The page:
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QUESTION: re Worship & Baptism in Spirit

Red Question MarkCan a person praise God without having the baptism of the Holy Spirit?

Jesus spoke to the woman at the well about true worship, or praise, to God.

A time is coming and has now come when the true worshipers will worship the Father in spirit and truth, for they are the kind of worshipers the Father seeks. God is spirit, and his worshipers must worship in spirit and in truth. – John 4:23-24.

In the chapter just before this important conversation, there was another important conversation between Jesus and Nicodemus. There, Jesus told this Jewish leader about the new birth. When he asked how a man can be born when he is old, Jesus replied:

I tell you the truth, no one can enter the kingdom of God unless he is born of water and the Spirit. Flesh gives birth to flesh, but the Spirit gives birth to spirit. You should not be surprised at my saying, ‘You must be born again.’ – John 3:5-7.

I do not think these two conversations about a spiritual birth and spiritual worship are one right after the other by coincidence. The context of each includes the other. Spiritual worship follows the spiritual birth as naturally as being a member of a family follows being born into it.

Of course, your question is not whether one who has been baptized in the Holy Spirit can praise (worship) God, but whether having been baptized in the Spirit is required before one can worship God.

Note that God seeks worshipers who can worship in spirit and in truth. It is those who are born again or water and the Spirit who are spirit, and not just flesh. These are the worshipers God seeks. He wants them to become “spirit” by being born of water and Spirit.

Examples of this are in Philippians 3:3 and Revelation 1:10. In Philippians, Paul declared, “For it is we who are the circumcision, we who worship by the Spirit of God, who glory in Christ Jesus, and who put no confidence in the flesh.

In Revelation, John declared, “I was in the Spirit on the Lord’s Day.” While we might find nuances of difference in these and Jesus’ statement in John 4 about true worship, I believe these are all in essence the same.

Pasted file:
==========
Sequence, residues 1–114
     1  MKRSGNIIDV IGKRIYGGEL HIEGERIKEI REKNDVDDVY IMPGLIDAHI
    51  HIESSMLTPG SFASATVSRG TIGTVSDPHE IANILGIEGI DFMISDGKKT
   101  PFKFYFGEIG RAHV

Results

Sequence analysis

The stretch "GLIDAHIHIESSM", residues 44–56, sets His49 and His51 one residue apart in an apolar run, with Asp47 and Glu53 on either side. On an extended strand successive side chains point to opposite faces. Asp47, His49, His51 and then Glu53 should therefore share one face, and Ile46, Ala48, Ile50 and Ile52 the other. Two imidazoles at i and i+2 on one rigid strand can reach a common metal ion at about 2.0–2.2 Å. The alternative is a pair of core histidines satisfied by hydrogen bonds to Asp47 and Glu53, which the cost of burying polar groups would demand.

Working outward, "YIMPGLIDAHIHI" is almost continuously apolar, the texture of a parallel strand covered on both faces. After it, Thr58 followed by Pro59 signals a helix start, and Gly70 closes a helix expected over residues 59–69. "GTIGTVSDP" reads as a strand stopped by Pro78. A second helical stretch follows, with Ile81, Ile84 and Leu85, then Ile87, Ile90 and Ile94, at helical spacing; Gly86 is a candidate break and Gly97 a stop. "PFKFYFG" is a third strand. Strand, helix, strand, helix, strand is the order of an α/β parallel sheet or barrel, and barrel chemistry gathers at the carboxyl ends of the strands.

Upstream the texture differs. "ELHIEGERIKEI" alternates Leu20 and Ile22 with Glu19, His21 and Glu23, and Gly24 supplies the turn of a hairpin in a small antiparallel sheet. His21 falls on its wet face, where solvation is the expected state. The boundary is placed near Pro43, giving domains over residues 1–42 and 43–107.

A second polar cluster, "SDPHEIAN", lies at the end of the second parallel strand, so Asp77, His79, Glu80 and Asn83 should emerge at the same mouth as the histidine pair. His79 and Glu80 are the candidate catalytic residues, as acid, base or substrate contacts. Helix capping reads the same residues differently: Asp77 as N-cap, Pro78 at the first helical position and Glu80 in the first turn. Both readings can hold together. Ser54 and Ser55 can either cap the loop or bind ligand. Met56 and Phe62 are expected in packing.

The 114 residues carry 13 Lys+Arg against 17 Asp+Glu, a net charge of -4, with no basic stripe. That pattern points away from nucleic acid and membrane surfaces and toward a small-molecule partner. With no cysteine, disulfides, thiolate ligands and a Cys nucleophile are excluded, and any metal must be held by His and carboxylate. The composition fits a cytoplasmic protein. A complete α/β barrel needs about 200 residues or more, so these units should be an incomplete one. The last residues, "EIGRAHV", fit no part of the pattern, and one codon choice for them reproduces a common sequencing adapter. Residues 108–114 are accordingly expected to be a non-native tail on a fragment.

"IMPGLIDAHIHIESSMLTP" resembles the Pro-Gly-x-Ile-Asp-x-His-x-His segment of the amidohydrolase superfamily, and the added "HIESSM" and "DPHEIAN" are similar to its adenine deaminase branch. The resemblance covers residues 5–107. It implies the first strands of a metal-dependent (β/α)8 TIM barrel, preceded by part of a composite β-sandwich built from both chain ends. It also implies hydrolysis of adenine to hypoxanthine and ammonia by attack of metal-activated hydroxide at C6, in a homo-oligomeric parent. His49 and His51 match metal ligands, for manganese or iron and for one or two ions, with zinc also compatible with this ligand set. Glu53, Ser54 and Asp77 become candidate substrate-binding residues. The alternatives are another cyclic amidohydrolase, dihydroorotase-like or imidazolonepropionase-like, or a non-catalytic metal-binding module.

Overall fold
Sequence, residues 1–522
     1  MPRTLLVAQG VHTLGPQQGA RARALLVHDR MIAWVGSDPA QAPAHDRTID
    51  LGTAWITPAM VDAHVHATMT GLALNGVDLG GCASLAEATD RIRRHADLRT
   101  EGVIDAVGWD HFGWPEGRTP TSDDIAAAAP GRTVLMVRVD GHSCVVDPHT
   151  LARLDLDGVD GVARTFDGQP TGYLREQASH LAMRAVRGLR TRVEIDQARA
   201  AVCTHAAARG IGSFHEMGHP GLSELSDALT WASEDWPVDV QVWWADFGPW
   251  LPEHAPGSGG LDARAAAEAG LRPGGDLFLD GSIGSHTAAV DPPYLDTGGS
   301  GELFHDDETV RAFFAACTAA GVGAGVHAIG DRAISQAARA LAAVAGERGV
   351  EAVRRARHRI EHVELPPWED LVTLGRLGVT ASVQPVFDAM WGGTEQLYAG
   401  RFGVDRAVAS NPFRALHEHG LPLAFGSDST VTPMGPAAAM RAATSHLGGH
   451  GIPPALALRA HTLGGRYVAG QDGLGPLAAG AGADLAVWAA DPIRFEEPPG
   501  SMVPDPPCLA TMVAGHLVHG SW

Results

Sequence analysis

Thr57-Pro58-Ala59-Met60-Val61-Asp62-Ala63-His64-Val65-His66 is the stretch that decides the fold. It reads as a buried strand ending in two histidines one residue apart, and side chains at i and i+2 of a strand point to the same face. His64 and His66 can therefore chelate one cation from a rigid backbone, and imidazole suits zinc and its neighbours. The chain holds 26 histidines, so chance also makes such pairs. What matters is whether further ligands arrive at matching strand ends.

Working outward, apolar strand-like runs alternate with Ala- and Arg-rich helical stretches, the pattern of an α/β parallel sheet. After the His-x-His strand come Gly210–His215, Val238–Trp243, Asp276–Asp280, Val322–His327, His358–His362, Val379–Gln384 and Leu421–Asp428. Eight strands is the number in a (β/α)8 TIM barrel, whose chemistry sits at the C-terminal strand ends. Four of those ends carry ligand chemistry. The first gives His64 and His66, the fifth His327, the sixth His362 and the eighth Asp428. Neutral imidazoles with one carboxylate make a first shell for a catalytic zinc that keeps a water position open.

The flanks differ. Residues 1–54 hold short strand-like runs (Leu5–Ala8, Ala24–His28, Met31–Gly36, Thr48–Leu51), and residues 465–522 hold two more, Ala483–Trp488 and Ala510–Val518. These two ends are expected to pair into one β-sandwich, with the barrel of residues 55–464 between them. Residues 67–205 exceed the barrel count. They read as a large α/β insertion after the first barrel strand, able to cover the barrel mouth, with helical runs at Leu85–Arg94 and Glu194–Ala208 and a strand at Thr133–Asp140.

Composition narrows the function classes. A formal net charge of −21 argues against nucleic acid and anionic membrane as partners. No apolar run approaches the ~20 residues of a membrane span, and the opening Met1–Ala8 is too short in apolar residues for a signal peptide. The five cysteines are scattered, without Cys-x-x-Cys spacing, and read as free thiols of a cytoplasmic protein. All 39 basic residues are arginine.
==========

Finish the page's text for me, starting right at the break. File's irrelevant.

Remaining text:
There is no doubt that this is the norm. But, does God accept worship from people who have not been born of the Spirit?

Throughout the entire Old Testament, men praised God – but the New Birth is not in the Old Testament. It is introduced by Jesus in the New Covenant where we have a new relationship to God in Christ as we live in Him empowered by the Spirit of God, whom God gives to those who obey Him (Acts 5:32).

I think of at least two people, though, in the New Testament who were praying to God before they received the Holy Spirit: Saul of Tarsus, after he saw the Lord on the Damascus Road, and Cornelius, the devout Gentile soldier.

In Acts 9, Saul had received warrants from the Jewish authorities in Jerusalem to go to Damascus to find Christian Jews to arrest and bring back to Jerusalem. On the road, Jesus appeared to him in a blinding light. When Saul realized who this was, he asked, “What shall I do, Lord?” (see Acts 22:10 where Saul, then known as Paul, retold this story years later). The Lord told him to go on into the city where he would be told what he must do. His companions led him into the city (for he was blind) where he prayed for three days as he waited to be told what to do. At the end of the three days, a disciple of Jesus named Ananias was sent to him and said: